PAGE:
well..the argument that insued was to rich in four letter words to post here, but lets just say that i was more then annoyed at his arrogance, and that was b4 the engine failed.. I asked why he chose to turn away from the strip, which he replied the tailwind gave us more distance over the ground...i asked him why he nosed the thing over in the first p[lace? to teach you a lesson he said..


Well, i dont know what the lesson was?? And i am 100% sure that he had no intention of trying a restart..He didnt even ask me if i was sacyre in my harness or anything, he was tottaly freaking out..


Anyway...i never flew with him again..I was sure these huge curcuits were just time soaking exercise..He ended up bing charged by police a few years later for missuse of an aeroplane by diving it at the house his astranged wife was staying...


Be carefull guys..choose your instructor wisely..



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interesting to note, the B737 POH states a circuit should be half a mile! or so ive been told..


where does it say anywhere what height you have to be before turning cross or downwind? some aircraft i have flown wont reach circuit height till mid downwind, and some while still over the strip! i like my circuits tight and can get 10 in in an hour but average 8 or 9 in a jabiru.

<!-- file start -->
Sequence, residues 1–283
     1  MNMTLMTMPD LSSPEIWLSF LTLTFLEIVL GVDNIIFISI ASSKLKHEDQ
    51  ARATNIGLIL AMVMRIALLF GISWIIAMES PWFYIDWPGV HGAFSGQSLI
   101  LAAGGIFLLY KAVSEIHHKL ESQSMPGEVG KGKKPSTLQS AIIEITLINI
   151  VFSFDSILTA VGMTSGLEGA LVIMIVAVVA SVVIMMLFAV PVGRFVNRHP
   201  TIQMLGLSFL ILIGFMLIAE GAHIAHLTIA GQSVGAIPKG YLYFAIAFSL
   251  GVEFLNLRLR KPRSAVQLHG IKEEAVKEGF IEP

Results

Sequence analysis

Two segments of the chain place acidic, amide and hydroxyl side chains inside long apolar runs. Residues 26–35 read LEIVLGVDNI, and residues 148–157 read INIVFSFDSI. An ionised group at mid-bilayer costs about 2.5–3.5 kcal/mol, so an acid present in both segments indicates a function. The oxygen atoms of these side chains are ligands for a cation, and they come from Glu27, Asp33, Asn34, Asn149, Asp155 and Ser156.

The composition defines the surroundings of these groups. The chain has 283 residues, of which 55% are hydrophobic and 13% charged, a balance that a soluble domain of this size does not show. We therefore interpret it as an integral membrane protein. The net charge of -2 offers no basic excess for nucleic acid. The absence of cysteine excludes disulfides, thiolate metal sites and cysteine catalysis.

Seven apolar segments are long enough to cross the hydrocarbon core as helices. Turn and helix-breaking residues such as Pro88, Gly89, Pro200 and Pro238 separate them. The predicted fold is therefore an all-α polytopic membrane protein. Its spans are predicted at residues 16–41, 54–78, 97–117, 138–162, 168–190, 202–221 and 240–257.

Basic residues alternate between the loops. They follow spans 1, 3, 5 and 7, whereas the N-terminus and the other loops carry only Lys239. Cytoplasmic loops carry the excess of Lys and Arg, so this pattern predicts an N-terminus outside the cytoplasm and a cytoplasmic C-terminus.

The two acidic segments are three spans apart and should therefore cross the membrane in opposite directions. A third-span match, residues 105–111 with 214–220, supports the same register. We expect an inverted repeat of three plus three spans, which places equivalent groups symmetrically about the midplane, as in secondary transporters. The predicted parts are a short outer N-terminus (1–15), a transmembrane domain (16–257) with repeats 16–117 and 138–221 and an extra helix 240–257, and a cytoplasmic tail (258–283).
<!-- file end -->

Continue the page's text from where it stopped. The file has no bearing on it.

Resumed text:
a circuit should always be close enough to keep the airfield within gliding distance.



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Guest David C

Under the procedures effective from 24th November 2005 , the "Operations at Non Towered Aerodromes " document issued by DOTARS states that "pilots should climb to within 300' of circuit height before turning crosswind" , so for a 1000' standard circuit that means 700' crosswind turn . Thats what I do anyway .



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Yes, well it makes sence to keep all legs of the curcuit in glide range, but for the thruster to to reach 1000ft agl there wasnt a hope of gliding back from crosswind or downwind leg, this guy was taking us a good mile, ,mile 1/2 away from the field..in the jab i turn crosswind at 500ft agl, that puts the feild in reach from crosswind, and the turn onto downwind is made promptly after. Id rather be landing with a tailwind on the strip then landing headwind into a tree..thats just my opinion but ....